Supermoon set to shine Sunday

The 'Supermoon' rises about the Garden City Skyway on on Saturday, May 5, 2012.    A supermoon occurs when a full moon coincides with the moon's closest orbit to Earth.  The moon appeared 14 percent bigger and 30 percent brighter than normal.  (JULIE JOCSAK/QMI AGENCY FILE PHOTO)

Supermoon Sunday is nearly here.

NASA says the moon will be closer to the Earth tomorrow than at any other time during the year - in fact, the upcoming Supermoon will be the closest encounter between the Earth and the moon until August 2014.

"The moon will reach its closest distance to the Earth at exactly 7:32 am (EDT), but because it will be peaking in the early morning hours, both 22 June and 23 June will put on similar shows," NASA says on its site. "So either day will be a good opportunity to see the larger-and-brighter-than-normal Supermoon."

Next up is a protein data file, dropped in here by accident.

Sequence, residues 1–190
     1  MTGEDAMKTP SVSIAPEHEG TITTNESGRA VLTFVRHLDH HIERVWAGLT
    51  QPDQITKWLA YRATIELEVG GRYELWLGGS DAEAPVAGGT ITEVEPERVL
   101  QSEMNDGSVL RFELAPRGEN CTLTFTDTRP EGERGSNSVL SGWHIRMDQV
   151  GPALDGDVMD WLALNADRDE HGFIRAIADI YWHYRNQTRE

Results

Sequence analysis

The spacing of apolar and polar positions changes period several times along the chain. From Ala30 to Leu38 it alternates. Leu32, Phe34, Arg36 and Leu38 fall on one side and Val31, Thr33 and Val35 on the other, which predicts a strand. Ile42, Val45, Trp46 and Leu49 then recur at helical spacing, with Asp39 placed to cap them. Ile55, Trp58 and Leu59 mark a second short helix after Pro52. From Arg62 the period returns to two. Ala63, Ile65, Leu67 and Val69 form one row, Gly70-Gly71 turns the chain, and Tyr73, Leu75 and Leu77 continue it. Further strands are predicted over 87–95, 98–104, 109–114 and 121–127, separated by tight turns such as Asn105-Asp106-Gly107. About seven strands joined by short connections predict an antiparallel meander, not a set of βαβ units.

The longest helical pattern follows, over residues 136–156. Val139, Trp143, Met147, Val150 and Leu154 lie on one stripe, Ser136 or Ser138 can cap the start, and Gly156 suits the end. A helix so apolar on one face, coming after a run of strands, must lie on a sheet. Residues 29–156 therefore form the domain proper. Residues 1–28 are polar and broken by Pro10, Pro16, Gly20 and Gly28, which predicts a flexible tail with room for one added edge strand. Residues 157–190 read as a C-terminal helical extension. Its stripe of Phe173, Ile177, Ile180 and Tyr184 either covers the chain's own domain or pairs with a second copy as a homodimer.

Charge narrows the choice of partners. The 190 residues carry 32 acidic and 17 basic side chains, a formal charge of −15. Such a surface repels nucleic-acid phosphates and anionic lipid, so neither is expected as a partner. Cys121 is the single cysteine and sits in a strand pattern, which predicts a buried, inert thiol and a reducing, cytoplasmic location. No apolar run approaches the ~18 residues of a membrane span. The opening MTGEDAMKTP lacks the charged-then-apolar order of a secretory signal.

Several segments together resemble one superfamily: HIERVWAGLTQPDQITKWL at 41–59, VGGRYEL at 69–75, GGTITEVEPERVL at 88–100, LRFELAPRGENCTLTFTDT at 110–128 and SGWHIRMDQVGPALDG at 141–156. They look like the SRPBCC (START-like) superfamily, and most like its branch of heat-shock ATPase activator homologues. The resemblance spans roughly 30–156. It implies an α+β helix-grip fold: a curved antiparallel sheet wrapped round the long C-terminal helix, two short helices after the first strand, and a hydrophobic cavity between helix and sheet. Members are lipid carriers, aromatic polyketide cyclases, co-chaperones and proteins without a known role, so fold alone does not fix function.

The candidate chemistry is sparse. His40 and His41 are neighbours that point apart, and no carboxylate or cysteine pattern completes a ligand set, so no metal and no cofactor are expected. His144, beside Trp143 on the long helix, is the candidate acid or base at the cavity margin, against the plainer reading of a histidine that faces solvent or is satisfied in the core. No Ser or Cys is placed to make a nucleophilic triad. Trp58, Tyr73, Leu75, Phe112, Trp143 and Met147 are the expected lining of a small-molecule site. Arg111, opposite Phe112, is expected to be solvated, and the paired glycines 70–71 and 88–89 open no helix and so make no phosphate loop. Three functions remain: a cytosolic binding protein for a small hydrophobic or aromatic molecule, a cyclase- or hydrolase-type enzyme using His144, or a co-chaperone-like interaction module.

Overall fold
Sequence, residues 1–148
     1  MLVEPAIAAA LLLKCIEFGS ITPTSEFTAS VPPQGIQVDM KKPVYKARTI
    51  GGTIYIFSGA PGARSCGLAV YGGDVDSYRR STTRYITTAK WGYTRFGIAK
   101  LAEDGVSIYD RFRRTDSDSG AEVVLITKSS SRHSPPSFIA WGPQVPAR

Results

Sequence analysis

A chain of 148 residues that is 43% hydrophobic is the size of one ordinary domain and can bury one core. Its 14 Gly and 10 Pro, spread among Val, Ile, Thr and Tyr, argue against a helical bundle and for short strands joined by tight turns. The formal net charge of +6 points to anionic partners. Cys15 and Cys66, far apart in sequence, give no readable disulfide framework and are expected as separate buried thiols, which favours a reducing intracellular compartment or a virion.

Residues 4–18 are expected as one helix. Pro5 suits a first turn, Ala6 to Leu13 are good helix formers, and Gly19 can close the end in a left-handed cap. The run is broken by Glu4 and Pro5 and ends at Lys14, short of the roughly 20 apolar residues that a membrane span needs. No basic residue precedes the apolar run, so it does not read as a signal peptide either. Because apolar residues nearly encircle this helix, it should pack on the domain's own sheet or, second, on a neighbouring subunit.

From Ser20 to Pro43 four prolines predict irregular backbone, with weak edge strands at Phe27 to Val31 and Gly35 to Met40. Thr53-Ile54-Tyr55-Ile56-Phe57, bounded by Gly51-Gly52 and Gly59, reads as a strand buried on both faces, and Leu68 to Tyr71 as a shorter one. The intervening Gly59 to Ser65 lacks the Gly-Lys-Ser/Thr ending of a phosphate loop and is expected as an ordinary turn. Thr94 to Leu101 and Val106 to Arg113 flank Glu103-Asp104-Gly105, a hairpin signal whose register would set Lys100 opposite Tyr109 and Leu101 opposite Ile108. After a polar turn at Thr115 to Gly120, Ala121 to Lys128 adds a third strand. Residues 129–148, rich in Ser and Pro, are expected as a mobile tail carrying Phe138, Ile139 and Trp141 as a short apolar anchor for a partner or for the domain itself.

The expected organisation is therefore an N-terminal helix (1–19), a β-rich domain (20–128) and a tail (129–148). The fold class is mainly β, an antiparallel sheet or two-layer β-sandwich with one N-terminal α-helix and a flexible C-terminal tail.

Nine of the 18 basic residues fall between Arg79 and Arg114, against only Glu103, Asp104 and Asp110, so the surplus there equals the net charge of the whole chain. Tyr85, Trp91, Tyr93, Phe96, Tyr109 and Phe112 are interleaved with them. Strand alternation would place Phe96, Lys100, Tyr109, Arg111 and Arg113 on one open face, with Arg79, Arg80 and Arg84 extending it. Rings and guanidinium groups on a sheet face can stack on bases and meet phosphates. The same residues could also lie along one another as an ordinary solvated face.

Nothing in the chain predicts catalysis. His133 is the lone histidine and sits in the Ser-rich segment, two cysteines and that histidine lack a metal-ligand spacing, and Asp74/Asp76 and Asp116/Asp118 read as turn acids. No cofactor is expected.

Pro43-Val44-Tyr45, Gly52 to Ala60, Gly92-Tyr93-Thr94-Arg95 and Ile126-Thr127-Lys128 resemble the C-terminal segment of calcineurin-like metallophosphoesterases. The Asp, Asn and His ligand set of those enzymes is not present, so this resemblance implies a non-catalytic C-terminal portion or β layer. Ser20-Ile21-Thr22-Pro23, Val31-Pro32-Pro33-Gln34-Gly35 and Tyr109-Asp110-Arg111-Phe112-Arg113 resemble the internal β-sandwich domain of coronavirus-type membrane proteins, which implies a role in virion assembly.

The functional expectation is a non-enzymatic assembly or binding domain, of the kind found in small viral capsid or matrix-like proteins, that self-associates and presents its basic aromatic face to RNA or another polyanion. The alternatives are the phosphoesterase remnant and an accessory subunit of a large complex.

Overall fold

The space agency says the Supermoon will be up to 14% larger and 30% brighter than a typical full moon.

"This is a result of the moon reaching its perigree - the closest that it gets to the Earth during the course of its orbit," the site says. "During perigree on 23 June the moon will be only about 360,000 km away, as compared to the 406,000 km away that it is at its furthest distance from the Earth."

NASA says there's no evidence that the Supermoon will drive folks batty.

"There should be nothing unusual except maybe for more people staring up at the moon, which should be a wonderful thing," NASA planetary geologist Noah Petro said.

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